Elevated glycated haemoglobin (HbA1c) is associated with an increased risk of pancreatic ductal adenocarcinoma: A UK Biobank cohort study

Declan McDonnell, Adrian W E Cheang, Sam Wilding, Sarah H Wild, Adam E Frampton, Christopher D Byrne, Zaed Z Hamady

Research output: Contribution to journalArticlepeer-review

Abstract / Description of output

BACKGROUND: The role of dysglycaemia as a risk marker for Pancreatic Ductal Adenocarcinoma (PDAC) is uncertain. We investigated the relationship between glycated haemoglobin (HbA1c) and incident PDAC using a retrospective cohort study within the UK Biobank.

METHODS: A study involving 499,804 participants from the UK Biobank study was undertaken. Participants were stratified by diabetes mellitus (DM) status, and then by HbA1c values < 42 mmol/mol, 42-47 mmol/mol, or ≥48 mmol/mol. Cox proportional hazard models were used to describe the association between HbA1c category (with time-varying interactions) and incident PDAC.

RESULTS: PDAC occurred in 1157 participants during 11.6 (10.9-12.3) years follow up [(median (interquartile range)]. In subjects without known DM at baseline, 12 months after recruitment, the adjusted hazard ratios (aHR, 95% CI) for incident PDAC for HbA1c 42-47 mmol/mol compared to HbA1c < 42 mmol/mol (reference group) was 2.10 (1.31-3.37, p = 0.002); and was 8.55 (4.58-15.99, p < 0.001) for HbA1c ≥ 48 mmol/mol. The association between baseline HbA1c and incident PDAC attenuated with increasing duration of time of follow-up to PDAC diagnosis.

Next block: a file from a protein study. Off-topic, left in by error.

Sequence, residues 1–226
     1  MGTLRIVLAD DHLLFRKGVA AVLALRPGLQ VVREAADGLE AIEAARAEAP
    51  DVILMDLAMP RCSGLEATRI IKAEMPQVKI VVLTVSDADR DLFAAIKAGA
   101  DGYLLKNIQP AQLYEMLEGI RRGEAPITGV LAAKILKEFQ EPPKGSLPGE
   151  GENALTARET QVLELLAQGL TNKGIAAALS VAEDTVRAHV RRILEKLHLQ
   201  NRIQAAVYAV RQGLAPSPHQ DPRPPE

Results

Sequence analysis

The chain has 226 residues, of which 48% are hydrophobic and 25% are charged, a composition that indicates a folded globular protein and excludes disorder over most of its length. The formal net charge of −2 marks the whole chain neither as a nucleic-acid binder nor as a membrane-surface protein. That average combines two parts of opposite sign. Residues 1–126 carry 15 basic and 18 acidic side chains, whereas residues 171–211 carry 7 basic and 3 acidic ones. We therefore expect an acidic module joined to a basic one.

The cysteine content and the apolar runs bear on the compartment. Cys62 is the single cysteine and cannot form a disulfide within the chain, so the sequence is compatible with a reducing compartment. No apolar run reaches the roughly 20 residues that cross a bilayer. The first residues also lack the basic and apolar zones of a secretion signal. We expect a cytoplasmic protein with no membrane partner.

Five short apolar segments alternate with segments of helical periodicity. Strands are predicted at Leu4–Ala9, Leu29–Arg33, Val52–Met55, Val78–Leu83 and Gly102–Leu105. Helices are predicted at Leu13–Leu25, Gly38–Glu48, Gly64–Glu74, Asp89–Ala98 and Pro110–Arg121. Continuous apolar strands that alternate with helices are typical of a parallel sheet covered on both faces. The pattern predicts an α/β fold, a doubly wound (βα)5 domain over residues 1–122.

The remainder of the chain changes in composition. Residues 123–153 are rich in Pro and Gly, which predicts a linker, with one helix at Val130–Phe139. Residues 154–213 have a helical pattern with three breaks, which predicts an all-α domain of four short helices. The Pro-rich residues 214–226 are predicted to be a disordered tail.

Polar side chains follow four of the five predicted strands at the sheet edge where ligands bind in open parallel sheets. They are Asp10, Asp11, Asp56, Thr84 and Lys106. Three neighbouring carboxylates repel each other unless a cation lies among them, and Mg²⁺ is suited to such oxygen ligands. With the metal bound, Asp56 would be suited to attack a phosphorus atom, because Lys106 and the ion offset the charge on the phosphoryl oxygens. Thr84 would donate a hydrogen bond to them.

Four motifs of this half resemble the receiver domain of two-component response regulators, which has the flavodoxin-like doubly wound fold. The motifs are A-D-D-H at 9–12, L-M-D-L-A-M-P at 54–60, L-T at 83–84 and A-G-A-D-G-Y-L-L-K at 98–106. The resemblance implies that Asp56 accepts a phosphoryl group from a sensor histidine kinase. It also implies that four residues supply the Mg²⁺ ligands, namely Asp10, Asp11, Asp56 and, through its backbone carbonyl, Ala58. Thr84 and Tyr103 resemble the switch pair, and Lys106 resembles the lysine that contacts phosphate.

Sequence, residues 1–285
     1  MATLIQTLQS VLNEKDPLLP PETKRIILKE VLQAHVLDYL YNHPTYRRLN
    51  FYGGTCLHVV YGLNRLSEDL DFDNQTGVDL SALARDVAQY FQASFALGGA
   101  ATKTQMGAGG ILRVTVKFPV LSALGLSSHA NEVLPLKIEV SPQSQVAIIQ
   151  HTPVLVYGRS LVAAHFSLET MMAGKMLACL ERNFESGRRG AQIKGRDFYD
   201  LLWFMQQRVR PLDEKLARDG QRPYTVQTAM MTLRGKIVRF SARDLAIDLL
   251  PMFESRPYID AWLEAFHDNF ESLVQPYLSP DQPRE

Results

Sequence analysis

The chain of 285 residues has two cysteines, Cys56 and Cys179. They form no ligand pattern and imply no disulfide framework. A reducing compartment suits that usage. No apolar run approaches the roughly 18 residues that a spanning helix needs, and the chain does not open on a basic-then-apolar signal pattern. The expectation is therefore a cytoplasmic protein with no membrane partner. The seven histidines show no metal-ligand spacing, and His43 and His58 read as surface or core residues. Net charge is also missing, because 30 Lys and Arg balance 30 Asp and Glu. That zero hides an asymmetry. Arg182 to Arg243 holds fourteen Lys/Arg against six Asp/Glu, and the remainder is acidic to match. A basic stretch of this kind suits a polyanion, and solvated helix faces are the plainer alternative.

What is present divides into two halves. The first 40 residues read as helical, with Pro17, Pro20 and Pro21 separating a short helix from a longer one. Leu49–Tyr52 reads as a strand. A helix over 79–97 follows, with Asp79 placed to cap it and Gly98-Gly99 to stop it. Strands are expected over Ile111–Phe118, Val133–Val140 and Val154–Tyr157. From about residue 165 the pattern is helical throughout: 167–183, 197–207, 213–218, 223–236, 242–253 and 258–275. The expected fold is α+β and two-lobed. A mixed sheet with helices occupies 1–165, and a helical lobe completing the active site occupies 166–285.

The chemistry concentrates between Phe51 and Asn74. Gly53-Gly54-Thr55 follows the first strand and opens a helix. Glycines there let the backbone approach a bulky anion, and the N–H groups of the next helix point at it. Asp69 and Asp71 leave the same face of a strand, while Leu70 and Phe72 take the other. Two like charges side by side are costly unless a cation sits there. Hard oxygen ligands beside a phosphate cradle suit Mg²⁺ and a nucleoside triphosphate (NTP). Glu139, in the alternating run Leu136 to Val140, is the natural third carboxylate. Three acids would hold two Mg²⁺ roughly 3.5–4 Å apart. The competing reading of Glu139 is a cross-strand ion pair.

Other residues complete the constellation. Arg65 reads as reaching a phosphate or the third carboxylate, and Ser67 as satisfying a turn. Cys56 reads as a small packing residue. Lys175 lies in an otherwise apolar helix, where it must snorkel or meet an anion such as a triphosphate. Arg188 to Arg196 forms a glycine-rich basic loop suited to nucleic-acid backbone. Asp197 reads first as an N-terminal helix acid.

CONCLUSIONS: Dysglycaemia detected by elevated HbA1c is associated with an increased risk of PDAC. The strength of the association between elevated HbA1c and incident PDAC is inversely proportional to the time from detecting dysglycaemia but remains significant for at least 60 months following HbA1c testing.

Original languageEnglish
Article number4078
Number of pages13
JournalCancers
Volume15
Issue number16
DOIs
Publication statusPublished - 13 Aug 2023

Keywords / Materials (for Non-textual outputs)

  • pancreatic
  • adenocarcinoma
  • PDAC
  • diabetes
  • NODM
  • HbA1c
  • T3cDM

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